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How to mitigate risks of data sprawl in your organization

Alex Lee

Data sprawl refers to the staggering amount and variety of data created by organizations every day. And it has become unmanageable. Learn why as well as how to combat it from this post.

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Data sprawl refers to the staggering amount and variety of data created by organizations every day. And it has become unmanageable. This is largely due to the proliferation of cloud apps, the variety of enterprise software, mobile apps, storage systems, and data formats each company relies on.

Data sprawl is here to stay:

  • Your data may be stored in a variety of systems across your network and the cloud, as well as employee’s personal devices.
  • Your data might be siloed, so that the same data is duplicated across numerous systems, based on formatting, department, geography, or some combination of these.
  • Employees may be downloading copies to their endpoints in order to overcome security or network limitations.
  • Cloud to cloud traffic- employees moving data between different cloud applications.


Non-Compliance: Data is much harder to keep track of when it’s dispersed across your departments. This puts your company at risk of noncompliance with industry-specific regulations like HIPAA, PCI DSS, and the Sarbanes-Oxley Act. Ideally, compliance regulated data is allowed to be stored and processed in certain locations, and by certain people, but in reality, it is actually being accessed much more widely.

Unknown locations: Every system that has access to sensitive data is a potential for cyber attacks. Without knowing all the locations your sensitive data is stored in, you can’t implement the right security measures for your infrastructure, your data and your employees. Is the marketing team using Dropbox, Asana, or other cloud apps for collaboration that may be exposing customer data? Are HR employees exporting reports from sensitive databases and uploading to a shared network drive that can be easily accessed by other employees?

Multiple copies: Multiple internal copies, and multiple people accessing those copies, increase the likelihood of data being leaked externally, and therefore the risk of data breaches.

Device Theft: A CEO storing intellectual property data on his/her unencrypted laptop and it is stolen at the airport. Do you have a BYOD policy for mobile phones?

Personal Unsecured Cloud:  An employee accidentally uploading a design document to his personal dropbox instead of the corporate dropbox.  We have all done this accidentally, or for convenience, or to speed our work.


  • Keep track of your compliance regulated data and the systems it originates from. Once data is exported from those systems, keep track of all the destinations it is getting to, and all the people accessing it.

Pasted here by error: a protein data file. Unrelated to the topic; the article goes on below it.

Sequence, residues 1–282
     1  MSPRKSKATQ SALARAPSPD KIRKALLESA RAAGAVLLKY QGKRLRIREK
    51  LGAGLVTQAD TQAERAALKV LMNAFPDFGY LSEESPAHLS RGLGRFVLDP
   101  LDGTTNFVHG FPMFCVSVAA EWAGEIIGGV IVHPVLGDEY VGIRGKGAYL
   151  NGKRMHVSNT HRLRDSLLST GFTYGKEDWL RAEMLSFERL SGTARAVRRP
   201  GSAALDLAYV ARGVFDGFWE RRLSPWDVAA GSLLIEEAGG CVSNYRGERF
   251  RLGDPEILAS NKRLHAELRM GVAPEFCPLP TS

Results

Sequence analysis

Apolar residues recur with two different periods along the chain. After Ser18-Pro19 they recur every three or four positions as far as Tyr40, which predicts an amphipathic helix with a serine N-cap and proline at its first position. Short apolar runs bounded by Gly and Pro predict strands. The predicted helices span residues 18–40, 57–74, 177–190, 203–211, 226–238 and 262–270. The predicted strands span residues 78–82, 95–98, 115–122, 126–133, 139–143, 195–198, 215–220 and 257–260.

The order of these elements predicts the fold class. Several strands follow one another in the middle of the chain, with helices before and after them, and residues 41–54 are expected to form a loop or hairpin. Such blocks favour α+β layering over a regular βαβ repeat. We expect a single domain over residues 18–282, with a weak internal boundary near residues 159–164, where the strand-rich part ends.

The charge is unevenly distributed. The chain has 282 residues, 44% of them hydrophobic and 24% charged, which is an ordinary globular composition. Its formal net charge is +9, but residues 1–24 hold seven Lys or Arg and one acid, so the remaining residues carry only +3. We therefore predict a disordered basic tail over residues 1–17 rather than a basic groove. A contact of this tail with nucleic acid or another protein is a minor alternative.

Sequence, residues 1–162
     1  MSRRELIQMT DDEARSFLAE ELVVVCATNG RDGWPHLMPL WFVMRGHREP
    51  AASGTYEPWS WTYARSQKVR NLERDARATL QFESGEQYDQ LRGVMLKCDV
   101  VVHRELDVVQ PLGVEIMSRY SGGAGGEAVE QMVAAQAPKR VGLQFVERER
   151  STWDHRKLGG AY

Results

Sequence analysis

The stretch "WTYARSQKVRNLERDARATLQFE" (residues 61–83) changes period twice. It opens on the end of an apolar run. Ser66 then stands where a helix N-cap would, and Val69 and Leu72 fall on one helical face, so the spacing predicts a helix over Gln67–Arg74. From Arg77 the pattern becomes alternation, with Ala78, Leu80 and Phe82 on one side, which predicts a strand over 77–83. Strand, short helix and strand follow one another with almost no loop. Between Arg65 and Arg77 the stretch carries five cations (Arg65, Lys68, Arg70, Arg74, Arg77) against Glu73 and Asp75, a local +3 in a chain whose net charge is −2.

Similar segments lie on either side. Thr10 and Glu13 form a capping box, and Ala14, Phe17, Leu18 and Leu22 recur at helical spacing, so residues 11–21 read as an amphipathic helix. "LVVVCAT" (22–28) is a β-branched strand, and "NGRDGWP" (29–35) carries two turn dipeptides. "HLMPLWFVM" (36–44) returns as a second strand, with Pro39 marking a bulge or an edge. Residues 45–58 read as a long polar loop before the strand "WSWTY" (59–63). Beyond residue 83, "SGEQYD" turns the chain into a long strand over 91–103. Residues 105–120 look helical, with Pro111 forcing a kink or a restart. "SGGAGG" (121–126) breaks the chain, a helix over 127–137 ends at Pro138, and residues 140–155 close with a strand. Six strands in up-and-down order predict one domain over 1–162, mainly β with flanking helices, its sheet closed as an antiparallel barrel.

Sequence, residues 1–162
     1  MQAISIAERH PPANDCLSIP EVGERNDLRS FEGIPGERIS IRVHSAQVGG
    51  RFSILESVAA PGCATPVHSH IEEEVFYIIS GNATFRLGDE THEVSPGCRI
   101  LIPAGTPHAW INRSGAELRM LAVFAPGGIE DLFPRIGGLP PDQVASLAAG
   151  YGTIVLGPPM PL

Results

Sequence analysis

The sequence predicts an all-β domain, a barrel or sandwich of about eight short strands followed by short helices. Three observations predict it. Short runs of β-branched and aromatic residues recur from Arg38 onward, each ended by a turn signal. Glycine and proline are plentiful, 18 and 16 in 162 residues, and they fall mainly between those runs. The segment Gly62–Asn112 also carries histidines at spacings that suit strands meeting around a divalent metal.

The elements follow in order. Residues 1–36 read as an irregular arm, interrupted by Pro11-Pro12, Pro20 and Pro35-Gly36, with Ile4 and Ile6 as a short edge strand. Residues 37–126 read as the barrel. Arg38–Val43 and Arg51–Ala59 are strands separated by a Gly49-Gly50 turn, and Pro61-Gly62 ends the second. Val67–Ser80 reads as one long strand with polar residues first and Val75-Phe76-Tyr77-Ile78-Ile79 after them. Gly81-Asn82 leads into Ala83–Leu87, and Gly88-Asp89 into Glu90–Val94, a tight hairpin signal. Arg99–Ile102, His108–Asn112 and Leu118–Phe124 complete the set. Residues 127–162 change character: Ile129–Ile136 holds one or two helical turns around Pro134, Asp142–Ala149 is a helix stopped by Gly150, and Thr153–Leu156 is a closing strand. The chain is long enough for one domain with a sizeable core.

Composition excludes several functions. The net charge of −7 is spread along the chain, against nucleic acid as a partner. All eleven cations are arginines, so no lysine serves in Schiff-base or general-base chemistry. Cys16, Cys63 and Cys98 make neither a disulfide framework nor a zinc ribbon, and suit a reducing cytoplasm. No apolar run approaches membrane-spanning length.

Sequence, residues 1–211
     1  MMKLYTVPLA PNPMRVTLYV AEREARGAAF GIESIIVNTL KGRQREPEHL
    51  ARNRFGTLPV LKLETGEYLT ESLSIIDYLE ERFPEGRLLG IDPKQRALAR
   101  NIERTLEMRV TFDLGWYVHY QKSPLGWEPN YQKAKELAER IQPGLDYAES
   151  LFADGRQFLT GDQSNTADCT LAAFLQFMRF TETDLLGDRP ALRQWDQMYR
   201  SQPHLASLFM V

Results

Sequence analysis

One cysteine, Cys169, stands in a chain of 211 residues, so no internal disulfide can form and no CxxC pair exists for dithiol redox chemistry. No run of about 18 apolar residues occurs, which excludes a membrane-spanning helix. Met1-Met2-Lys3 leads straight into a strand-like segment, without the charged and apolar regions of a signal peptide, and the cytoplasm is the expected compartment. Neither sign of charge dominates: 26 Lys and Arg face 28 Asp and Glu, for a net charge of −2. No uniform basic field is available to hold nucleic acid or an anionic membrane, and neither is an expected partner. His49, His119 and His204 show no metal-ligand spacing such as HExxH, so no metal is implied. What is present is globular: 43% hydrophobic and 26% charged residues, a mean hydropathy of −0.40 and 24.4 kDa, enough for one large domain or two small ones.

• Identify the different types of intellectual property, trade secrets, or any information that would be of value to your competitors.
  • Gain visibility into all the locations your sensitive data/Intellectual property is stored in, and all users who are accessing it, so you can make a decision around what type of security tools and processes to put in place. Once you discover all risky destinations your IP is going to, such as, unapproved cloud apps, personal cloud storage, external and personal email, external devices and more – you can start to determine how to reduce and mitigate risk.The first step may be to determine what security training is needed and for whom.
  • Third-parties account for 42% of data breaches. Monitor all sensitive data that is shared with them and ensure you are not oversharing.  In addition ensure they follow best practices that protect your data. There are several tools for assessing third-party risk.
  • Understand the reason for this sprawl. Are there insufficient tools for employees in the company to use?  Or is there a lack of approved corporate cloud storage apps? Are there employees purposely exfiltrating certain types of data?
  • Track and focus on risky employees for HR review (for example- repeat offenders, departing employees.)

Based on answers to these questions, you can take appropriate action such as purchasing tools that increase productivity, and implementing acceptable data usage policies.


Cyberhaven automatically discovers all the locations your Intellectual property and client data is stored in. It alerts you when your data is getting to risky destinations, or is being processed inappropriately by risky users (such as departing users or repeat offenders). It allows you to understand if a data leak happened accidentally or intentionally so you can remediate appropriately.